Security and Crime
Spatial structures are also associated with safety and security issues. If spatial structures fail, measures such as alarm systems or surveillance cameras often come into play. Certain structures can therefore attract crime or vandalism, but can also help to improve security and provide security.
Personality and Evolvement
The living environment in which we dwell and are surrounded by, and thus also our surrounding built environment is fertile ground for our individual development and evolution. In a positive sense, spaces can contribute to strengthening our sense of self-esteem and satisfaction. Deficits in this area might cause dissatisfaction, restlessness, alienation and listlessness.
Many buildings, according to the Deinsberger-Deinsweger, have deficits of various kinds which are usually not immediately noticeable.
Housing and social policy researcher Danny Friedman also sees correlations between poor housing conditions/neighborhoods and individuals? health, well-being, likelihood of criminality, and educational attainment. In a study he shows that poor housing conditions are strongly related to educational underachievement, the rise of health issues and criminal grievances. Conversely, this means that
?[I]mproving the quality, size, and quantity of housing, and improving the quality of neighborhoods and lower income households will have a positive effect in reducing criminality and ill-health and improving educational attainment.? (Danny Friedman)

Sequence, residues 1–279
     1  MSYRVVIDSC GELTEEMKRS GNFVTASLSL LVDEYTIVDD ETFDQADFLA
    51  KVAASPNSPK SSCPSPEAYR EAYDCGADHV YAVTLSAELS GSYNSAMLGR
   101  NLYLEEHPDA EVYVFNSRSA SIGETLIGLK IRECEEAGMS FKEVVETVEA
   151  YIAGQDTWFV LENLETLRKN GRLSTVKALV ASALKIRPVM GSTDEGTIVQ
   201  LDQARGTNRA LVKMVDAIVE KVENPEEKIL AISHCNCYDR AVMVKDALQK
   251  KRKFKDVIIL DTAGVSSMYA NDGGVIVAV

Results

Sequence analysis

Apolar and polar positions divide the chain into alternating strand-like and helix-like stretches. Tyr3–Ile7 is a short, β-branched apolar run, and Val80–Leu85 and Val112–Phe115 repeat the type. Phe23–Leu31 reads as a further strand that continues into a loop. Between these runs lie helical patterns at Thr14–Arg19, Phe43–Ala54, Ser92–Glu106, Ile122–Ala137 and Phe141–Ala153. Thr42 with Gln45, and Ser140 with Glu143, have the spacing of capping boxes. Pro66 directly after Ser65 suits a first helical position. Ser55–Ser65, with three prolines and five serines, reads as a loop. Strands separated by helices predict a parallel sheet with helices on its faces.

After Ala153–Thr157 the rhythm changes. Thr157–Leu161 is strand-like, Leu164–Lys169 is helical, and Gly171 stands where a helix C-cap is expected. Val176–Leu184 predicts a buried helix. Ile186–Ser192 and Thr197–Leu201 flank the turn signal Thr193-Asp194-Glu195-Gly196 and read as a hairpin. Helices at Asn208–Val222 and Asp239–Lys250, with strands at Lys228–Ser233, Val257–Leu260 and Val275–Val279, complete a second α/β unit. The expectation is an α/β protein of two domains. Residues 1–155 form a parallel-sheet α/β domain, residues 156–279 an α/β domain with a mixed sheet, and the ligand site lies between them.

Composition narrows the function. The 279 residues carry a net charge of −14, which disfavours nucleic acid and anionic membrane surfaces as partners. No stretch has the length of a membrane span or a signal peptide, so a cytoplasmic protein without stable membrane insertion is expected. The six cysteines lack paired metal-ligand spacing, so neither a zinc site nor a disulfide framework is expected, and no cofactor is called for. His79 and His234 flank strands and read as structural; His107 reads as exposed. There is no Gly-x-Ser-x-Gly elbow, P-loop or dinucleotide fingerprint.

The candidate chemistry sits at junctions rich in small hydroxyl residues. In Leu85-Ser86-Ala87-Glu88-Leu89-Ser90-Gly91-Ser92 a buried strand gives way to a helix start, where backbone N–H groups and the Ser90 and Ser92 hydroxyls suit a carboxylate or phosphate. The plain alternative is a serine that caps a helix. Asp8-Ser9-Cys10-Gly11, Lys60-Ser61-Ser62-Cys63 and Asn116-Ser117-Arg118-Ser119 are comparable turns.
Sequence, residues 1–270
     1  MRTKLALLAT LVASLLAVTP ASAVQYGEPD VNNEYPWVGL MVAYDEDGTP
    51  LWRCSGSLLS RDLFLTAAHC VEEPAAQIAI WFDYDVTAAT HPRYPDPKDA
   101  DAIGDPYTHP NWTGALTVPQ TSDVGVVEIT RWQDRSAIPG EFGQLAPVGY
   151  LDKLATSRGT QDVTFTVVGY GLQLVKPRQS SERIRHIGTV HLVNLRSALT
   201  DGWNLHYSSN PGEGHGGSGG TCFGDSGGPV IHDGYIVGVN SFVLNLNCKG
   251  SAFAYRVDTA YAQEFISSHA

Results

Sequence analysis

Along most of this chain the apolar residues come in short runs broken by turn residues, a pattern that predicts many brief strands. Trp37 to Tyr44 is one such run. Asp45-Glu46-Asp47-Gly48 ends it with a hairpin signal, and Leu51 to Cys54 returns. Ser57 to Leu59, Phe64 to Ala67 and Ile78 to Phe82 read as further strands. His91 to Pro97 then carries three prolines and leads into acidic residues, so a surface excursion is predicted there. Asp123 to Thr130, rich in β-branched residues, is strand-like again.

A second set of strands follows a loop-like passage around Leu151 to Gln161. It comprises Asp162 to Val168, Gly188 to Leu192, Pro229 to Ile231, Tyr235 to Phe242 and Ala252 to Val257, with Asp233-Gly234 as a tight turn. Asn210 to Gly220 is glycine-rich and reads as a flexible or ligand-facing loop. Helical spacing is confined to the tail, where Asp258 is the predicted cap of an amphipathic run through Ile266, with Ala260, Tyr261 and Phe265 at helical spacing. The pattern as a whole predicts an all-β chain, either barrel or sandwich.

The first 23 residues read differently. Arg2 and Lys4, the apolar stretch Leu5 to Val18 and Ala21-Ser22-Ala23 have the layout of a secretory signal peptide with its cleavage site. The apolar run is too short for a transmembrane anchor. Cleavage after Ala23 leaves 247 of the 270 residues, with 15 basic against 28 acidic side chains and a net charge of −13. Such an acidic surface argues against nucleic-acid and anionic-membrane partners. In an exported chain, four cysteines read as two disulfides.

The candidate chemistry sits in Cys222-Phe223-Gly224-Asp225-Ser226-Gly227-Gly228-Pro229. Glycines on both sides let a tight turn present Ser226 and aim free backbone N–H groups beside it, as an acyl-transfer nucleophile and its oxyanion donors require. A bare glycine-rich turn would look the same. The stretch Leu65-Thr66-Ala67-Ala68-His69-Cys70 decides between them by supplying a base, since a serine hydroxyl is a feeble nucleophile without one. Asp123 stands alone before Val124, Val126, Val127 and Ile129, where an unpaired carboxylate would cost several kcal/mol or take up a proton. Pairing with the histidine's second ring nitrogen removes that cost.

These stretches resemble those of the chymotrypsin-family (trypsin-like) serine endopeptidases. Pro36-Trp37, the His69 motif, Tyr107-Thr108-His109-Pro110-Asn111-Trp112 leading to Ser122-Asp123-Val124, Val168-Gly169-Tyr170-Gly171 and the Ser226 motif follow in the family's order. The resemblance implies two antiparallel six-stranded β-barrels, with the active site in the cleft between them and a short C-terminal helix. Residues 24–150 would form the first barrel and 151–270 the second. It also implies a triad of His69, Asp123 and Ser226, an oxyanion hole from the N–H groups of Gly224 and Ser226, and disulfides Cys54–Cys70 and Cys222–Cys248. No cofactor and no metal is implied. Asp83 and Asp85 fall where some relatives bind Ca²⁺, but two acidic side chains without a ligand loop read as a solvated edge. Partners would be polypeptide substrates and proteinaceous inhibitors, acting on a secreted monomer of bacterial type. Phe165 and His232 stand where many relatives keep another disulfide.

Use and Behavior
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?Spaces determine our behavior ? for the most part without our conscious perception? (Dr. Deinsberger-Deinsweger)
Spatial structures promote certain patterns of behavior, and designs and equipment animate us to certain ways of dealing with and using them. Phenomena such as dilapidation, improper use or vandalism often have structural causes. If architecture promotes a positive and emotional attachment to places and strengthen a sense of responsibility, such consequences can be intercepted. Thus questions about the How?, Whereby? and Why? for all residential and construction projects be carefully studied and answered. Living or working environments can also become instruments of identification for our personality. If those processes occur, our sense of responsibility for the spaces we inhabit develops.
In conclusion, the arrangement, equipment and dimensioning of spaces and their design influence the human patterns of movement, actions and usage. If spaces are created in a way that runs counter to our patterns, it can hamper our movements and actions and cause anger or frustration. Or, conversely, support the structures of everyday life and make us feel comfortable.
Children, Sick and Elderly people